WASHINGTON, DC. MAY 15, 2013: Adding the liquid nitrogen, while the line of customers grows, Sandra Tran, is a co-owner of Nice Cream Factory a pop-up ice cream shop at Science Club, a bar and restaurant on 19th St in Washington, DC. (Jeffrey MacMillan/JEFFREY MACMILLAN)

Sandra Tran and Gil Welsford might have attracted stares as they unloaded a sink from Tran’s Toyota Forerunner, and placed it on the patio of Science Club, a bar and restaurant in Dupont. The sink was followed by a small fridge, a few standing mixers, two 80-pound jugs of liquid nitrogen, and an assortment of ingredients.

The two entrepreneurs were setting up their fledgling ice cream business, the Nicecream Factory, which uses liquid nitrogen to quickly produce fresh ice cream. Through an agreement with Science Club owner Steve Maguire, the Nicecream Factory will pop up outside the restaurant during off-hours on Wednesday, Thursday and Friday afternoons this summer.

An increasingly common phenomenon in Washington, pop-ups allow entrepreneurs to test out concepts at other, often more established businesses. A nascent coffee business might set up shop every so often in a brick-and-mortar book store, for instance, feeding off an established client base and gathering feedback.

While pop-up agreements may give entrepreneurs an opportunity to refine their products, the logistics of inhabiting another business’s space can proving challenging, as Tran and Welsford have discovered in their first few trials.

As customers lined up on the stairs of Science Club, Welsford and Tran, assisted by a couple of friends, were rapidly taking orders, blending ingredients, and rushing to refill a pitcher of liquid nitrogen from behind a small countertop they’d brought. They make the ice cream by combining sweet cream and other ingredients in a stand mixer — strawberry puree or pistachio butter, for example — and pouring in about half a liter of liquid nitrogen per serving to instantly freeze the mixture. The nitrogen produces a thick white steam as it evaporates almost instantly, and Tran and Welsford are quick to assure customers it’s completely safe to consume — after all, Welsford said, “nitrogen is 78 percent of the air."

They sell small servings for $4.72 plus tax, and large for $5.66.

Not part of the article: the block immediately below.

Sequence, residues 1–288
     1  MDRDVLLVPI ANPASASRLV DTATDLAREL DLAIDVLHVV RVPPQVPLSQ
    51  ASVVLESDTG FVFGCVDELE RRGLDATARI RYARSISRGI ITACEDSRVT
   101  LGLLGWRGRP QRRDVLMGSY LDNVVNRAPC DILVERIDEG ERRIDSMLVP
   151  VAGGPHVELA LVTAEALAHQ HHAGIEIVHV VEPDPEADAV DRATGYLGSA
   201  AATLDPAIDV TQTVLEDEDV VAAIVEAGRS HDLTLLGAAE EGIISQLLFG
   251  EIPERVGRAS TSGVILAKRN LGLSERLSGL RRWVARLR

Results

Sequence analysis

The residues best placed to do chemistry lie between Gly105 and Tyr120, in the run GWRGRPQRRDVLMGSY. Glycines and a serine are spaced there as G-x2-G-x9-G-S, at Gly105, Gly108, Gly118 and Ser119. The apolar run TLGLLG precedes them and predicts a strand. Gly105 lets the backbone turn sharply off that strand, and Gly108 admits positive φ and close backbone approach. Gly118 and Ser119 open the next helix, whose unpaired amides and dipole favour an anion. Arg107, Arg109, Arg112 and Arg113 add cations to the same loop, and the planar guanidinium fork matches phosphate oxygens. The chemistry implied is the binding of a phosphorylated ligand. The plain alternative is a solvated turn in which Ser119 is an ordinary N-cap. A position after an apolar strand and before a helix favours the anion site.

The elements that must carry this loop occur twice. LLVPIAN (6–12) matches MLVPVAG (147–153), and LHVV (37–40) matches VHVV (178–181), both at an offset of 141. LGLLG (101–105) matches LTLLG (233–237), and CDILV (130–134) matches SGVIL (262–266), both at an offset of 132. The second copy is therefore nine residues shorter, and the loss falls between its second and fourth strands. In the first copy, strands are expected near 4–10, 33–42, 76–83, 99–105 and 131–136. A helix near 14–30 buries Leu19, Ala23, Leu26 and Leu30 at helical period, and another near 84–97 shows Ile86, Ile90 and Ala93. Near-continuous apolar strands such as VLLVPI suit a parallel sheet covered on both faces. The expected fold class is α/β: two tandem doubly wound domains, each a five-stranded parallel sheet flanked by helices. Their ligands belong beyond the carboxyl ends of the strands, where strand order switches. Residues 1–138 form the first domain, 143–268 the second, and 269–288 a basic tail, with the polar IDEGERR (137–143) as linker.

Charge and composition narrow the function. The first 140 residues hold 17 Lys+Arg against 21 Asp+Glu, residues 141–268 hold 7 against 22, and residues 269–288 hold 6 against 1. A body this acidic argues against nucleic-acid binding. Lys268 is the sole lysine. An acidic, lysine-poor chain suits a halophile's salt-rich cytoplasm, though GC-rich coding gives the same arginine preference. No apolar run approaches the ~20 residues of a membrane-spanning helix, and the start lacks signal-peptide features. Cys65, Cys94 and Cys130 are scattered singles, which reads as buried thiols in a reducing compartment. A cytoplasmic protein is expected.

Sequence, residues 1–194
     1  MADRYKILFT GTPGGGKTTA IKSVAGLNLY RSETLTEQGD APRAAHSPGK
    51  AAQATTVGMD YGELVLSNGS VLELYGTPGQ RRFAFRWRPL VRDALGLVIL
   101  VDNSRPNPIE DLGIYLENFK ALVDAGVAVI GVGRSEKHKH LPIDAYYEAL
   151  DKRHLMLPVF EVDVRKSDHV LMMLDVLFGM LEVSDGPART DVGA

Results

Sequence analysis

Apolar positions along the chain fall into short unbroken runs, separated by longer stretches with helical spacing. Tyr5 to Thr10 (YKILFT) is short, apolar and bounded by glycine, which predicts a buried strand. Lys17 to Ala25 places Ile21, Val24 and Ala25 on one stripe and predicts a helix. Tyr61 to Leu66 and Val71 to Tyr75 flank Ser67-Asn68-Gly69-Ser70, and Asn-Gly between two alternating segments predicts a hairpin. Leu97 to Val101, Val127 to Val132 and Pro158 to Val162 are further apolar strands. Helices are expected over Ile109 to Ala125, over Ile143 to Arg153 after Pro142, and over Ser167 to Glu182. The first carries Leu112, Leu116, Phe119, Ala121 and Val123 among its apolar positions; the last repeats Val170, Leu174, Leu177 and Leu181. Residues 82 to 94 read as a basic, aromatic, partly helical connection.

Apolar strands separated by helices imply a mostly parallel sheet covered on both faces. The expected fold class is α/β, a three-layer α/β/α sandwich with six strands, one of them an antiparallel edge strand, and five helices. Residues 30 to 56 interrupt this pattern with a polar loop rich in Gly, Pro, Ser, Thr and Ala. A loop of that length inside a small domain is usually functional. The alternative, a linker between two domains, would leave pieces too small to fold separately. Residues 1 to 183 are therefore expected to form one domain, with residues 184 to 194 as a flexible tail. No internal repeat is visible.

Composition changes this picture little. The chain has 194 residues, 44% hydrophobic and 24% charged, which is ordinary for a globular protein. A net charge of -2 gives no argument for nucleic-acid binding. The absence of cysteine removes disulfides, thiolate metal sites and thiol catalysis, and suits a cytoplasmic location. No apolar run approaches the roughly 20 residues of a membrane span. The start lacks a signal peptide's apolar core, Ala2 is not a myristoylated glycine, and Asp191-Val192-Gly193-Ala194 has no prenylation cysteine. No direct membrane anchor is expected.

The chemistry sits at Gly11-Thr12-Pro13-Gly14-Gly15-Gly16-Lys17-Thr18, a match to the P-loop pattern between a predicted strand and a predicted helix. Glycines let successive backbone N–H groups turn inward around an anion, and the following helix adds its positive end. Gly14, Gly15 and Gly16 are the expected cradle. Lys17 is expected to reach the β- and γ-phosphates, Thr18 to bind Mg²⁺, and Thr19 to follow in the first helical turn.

When the two recent graduates of James Madison University founded the Nicecream Factory a couple months ago, they couldn’t yet afford retail space, which might set them back hundreds of thousands of dollars a year. They opted instead for pop-up arrangements at events, farmers markets, and now, restaurants. They knew most other businesses wouldn’t have the kind of equipment they’d need to make ice cream, so they’d likely have to bring it all with them, and adapt to whatever setting they were in for the day.

Most places, like the Science Club, don’t have an outdoor sink they could use. So with the help of Tran’s father, a computer engineer, they designed and built their own portable outdoor sink — one that could fit in their car — for about $1,200. (They also ran a Kickstarter campaign to crowdfund other equipment costs, raising more than $5,000 within three weeks).

Despite these solutions, any pop-up business is limited by the parameters of their host’s space, Tran explained. “We can only have three or four flavors — we wanted to add more, but if we were to buy two more mixers, we wouldn’t know where to put them,” she said, noting that the Science Club patio couldn’t accommodate more counter space.

Pop-ups can require compromises from the host business too, according to Maguire. He and his staff spend a small amount of time clearing a space for the pop-up, and ensuring a smooth transition in and out of his business. “They’re geographically displacing one table, which could be a six-person table with beers and shots,” he said, but added, “or, it could be a one-person table reading a newspaper for three hours.”

A 17-year veteran of Washington’s restaurant industry, Maguire has hosted several pop-ups at Science Club — clothing retailers, coffee businesses, and jewelry shops — though he first heard of them as “trunk shows.”

He said he has yet to negotiate a revenue split with the Nicecream Factory. But the transient businesses like it have led to a noticeable bump in Science Club’s business, often diversifying his clients, Maguire said. He recently noticed a group of four people walking past the bar, looking for a place to drink, but one of them didn’t want a beer. It was during the Nicecream Factory’s hours, she got an ice cream instead. “Otherwise, they would have gone somewhere else.”